In August, 2017, the City adopted the Universal Access to Counsel Law to create the right to counsel in Housing Court for income-eligible tenants. RSA testified then that the number of evictions would not significantly decline without a fundamental change in the City’s rent subsidy programs. RSA took that position because, regardless of whether the tenant in a non-payment case has counsel, the tenant is still, ultimately, required to pay the rent that is due and owing.
At the outset, the new law, which is being phased in over five years, was touted by the Mayor and the City Council as the reason why, in its first year of implementation, the number of evictions had declined. More recently, the Mayor announced, on February 4th, that the number of evictions had declined by 37%.
However, a closer look at the numbers indicates that this supposed decline is not being measured against the number of evictions as of when the right to counsel law was enacted; rather, it is being measured against the number of evictions which occurred in 2013, four years before the right to counsel law was even enacted.
The reality is that despite City Hall’s attempts at public relations, the most recent data released by the City shows that the number of evictions has, essentially, now leveled off. This is despite the City’s ever-increasing spending. The City is now well on its way towards the full implementation of the right to counsel and its $155 million budget. Further, the City now spends approximately $250 million annually on so-called “one shot” deals. And, further, the City has significantly increased funding for the Family Homelessness and Eviction Prevention Supplement Program (FHEPS).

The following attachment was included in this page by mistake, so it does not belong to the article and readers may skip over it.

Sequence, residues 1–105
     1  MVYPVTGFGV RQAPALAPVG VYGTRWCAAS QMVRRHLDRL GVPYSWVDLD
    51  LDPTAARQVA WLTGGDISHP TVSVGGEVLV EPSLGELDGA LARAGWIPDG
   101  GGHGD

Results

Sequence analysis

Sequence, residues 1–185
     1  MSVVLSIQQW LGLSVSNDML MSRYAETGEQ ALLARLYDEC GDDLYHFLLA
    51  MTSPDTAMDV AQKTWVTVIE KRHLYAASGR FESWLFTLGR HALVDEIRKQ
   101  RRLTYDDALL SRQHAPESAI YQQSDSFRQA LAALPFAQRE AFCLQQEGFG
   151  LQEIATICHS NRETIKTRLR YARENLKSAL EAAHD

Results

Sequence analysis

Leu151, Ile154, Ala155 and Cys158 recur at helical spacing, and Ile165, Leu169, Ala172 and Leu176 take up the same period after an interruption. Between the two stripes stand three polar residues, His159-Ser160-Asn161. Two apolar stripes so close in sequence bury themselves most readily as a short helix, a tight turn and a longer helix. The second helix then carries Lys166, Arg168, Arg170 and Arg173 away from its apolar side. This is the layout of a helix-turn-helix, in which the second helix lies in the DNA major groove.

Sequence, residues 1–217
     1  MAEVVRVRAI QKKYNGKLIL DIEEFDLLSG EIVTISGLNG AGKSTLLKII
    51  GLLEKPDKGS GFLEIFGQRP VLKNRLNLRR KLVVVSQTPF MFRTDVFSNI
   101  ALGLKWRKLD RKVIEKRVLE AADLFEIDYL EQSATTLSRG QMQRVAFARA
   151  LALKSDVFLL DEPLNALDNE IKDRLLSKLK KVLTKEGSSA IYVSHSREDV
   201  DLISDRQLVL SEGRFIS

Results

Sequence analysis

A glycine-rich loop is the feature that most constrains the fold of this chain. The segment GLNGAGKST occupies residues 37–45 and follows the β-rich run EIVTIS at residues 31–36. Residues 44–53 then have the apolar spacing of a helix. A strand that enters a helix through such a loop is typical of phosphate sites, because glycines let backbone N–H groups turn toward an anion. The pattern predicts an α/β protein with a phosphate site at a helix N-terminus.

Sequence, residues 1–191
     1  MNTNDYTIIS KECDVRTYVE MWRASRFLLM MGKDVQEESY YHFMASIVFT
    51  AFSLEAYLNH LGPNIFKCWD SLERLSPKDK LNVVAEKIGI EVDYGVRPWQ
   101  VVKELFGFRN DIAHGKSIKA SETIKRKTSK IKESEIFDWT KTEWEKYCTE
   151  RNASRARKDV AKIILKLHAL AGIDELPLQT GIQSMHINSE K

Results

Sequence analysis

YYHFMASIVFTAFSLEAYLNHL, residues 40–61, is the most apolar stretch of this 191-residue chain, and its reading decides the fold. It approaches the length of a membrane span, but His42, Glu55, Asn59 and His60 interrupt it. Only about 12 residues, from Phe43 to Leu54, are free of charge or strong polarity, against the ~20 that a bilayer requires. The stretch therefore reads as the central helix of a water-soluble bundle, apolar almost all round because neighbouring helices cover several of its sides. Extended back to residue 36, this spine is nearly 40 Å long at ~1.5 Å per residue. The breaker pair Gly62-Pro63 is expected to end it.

According to the data provided by the Office of Court Administration (OCA) to the City Rent Guidelines Board (RGB), in 2013, there were over 28,000 evictions in the City, and approximately 26,000 in 2014. Since that time, the number did indeed decline to approximately 22,000 in 2015 and 2016, and 21,000 in 2017- again, before the right to counsel law was even enacted.
This leveling off has continued, notwithstanding the Mayor’s statement on February 4th that there were “approximately 18,000 evictions in 2018.” On that same date, City Council Speaker Corey Johnson reported that, in fact, there were 19,970 tenants “evicted by city marshals in 2018, a small drop from 2017.”
What does all of this mean? It means that we were right all along. The City continues to throw money (and more lawyers) at this problem and, despite what the Mayor would like you to believe, right to counsel has not made a significant difference in the number of evictions whatsoever and the homeless numbers continue to increase.